Over the past four years gamification (the use of game elements in non-game contexts) has been implemented in various organisational contexts to drive performance outcomes, with varying degrees of success. One reason for this is the lack of research on the individual game elements and their underlying motivational mechanisms. Further to this gamification, makes use of extrinsic incentives, such as points and levels, to drive intrinsically motivated behaviours, which lead to performance gains in quality. Up until recently it has been widely accepted that extrinsic incentives crowd out intrinsic motivation for interesting tasks, which has led to a further lack of research on intrinsic motivation, incentives and performance. What has been proposed is that if the incentives are perceived by the user as informative and not controlling, they may support intrinsic motivation, by enhancing the feeling of competence. It has been said that extrinsic motivation leads to an increase in performance quantity whilst intrinsic motivation leads to an increase in performance quality.
This research made use of an online experiment to individually assess the effect of points, levels and leaderboards, against a control condition, on intrinsic motivation, flow and performance quality outcomes (point scores for correctly completed tasks), using graphical perception tasks. The tasks were structured in a way that is intrinsically motivating to the user, in that they offered performance feedback which allowed for task mastery.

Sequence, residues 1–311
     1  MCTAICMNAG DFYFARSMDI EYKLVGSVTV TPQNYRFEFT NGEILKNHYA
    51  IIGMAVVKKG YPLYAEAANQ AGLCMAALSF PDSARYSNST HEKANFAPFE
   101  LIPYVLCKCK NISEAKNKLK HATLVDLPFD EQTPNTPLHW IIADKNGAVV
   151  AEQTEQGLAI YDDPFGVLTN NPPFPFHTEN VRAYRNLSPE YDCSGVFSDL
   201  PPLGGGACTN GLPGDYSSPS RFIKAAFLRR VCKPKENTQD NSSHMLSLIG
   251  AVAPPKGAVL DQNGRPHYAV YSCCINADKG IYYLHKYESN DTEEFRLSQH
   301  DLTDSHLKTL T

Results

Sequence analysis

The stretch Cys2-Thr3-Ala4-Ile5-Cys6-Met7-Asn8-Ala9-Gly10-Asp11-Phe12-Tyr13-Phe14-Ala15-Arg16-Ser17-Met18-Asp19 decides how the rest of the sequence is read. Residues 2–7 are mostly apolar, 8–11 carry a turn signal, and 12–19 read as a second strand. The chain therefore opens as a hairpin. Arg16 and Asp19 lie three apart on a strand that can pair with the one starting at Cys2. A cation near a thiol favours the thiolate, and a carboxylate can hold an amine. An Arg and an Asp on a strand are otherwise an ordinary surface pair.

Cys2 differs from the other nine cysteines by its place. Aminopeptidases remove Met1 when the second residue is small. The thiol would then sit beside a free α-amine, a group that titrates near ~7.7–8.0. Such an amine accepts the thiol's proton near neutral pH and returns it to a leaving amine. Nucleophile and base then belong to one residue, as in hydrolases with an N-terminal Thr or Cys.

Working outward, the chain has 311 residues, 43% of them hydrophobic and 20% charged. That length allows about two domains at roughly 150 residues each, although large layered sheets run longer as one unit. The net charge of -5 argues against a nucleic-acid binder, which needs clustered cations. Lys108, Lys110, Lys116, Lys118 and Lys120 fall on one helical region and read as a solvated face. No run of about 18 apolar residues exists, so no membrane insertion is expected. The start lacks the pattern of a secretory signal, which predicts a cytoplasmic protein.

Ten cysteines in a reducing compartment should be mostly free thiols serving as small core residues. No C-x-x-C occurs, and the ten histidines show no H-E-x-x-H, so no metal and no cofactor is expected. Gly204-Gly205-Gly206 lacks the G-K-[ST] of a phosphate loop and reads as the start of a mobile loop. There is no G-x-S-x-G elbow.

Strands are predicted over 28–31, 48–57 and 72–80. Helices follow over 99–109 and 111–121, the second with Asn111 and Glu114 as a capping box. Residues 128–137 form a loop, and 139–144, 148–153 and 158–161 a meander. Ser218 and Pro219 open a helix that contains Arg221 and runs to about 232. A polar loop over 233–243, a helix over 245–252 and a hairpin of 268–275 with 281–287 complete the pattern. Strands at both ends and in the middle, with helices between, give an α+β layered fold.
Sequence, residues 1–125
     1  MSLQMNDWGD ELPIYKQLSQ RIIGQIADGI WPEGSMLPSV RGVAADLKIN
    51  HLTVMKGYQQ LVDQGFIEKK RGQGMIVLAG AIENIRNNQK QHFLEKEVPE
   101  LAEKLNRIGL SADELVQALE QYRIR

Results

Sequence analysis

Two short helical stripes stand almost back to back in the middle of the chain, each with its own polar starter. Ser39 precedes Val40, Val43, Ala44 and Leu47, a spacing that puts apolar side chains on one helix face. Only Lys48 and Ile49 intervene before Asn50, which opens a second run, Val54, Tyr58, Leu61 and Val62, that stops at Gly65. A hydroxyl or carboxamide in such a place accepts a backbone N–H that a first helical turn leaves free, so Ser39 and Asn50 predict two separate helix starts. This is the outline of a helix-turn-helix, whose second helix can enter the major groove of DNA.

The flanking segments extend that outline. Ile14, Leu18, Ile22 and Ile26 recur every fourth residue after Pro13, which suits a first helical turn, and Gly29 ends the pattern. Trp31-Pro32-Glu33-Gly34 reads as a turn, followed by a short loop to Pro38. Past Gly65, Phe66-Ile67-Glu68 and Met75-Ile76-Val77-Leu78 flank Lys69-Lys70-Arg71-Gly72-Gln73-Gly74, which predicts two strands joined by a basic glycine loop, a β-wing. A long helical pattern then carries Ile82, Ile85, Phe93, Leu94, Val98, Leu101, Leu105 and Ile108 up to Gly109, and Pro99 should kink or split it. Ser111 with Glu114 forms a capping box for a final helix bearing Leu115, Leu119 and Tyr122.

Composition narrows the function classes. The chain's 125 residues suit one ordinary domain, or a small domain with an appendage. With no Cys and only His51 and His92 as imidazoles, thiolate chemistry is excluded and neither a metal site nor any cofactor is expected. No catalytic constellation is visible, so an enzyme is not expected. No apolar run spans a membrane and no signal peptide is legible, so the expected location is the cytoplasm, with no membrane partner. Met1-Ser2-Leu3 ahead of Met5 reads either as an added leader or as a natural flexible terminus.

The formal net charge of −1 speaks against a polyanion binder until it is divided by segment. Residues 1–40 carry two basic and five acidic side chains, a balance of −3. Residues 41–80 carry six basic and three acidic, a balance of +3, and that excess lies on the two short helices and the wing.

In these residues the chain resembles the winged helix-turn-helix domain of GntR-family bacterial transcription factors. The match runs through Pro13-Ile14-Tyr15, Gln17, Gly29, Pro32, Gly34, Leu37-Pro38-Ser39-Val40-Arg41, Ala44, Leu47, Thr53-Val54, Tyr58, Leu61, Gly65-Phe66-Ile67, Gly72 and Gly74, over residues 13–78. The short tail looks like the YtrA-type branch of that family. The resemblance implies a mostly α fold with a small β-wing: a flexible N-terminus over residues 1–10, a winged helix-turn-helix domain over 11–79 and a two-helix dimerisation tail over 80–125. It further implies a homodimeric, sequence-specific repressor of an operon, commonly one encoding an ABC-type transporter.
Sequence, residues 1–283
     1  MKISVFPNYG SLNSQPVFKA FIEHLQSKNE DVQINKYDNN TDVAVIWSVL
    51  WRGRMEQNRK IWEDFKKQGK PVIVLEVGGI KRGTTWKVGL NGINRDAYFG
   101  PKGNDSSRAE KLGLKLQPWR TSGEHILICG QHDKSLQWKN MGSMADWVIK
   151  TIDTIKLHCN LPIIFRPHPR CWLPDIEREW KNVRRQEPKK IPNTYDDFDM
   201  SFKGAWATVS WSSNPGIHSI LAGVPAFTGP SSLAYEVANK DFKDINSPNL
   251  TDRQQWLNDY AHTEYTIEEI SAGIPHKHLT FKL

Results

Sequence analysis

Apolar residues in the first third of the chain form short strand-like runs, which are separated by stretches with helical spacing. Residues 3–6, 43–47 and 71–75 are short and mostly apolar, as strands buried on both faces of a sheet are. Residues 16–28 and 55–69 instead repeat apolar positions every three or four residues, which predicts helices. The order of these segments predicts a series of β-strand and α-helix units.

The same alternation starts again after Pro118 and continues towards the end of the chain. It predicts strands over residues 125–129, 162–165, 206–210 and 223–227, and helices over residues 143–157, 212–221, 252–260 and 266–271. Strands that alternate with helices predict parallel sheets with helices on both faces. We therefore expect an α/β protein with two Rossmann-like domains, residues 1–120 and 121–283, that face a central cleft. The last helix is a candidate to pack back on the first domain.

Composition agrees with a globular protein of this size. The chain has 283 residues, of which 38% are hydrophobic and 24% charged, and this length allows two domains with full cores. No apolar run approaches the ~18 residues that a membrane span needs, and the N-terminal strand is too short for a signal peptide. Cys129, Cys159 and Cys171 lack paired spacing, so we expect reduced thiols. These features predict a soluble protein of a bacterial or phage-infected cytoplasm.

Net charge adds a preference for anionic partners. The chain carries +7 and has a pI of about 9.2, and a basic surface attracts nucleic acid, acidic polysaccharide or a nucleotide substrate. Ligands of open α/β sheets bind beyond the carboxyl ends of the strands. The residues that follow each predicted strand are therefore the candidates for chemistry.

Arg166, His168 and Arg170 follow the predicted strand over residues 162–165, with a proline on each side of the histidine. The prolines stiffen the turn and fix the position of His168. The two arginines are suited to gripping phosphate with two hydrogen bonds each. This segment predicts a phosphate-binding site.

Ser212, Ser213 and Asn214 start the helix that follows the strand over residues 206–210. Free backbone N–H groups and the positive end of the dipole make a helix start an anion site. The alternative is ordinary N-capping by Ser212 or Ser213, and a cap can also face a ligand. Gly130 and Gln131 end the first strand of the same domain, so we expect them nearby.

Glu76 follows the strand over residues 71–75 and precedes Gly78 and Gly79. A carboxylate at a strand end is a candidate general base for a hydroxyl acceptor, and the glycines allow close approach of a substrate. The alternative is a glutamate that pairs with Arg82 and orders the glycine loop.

The study found that the points and leaderboards conditions had no significant effect on intrinsic motivation, flow or performance quality. The levels condition however led to a significant increase in performance quality, where intrinsic motivation and more specifically, perceived competence predicted the performance quality. This shows that the levels incentive supported intrinsic motivation, and its associated behavioural outcomes.
Mini Dissertation (MBA)--University of Pretoria, 2016.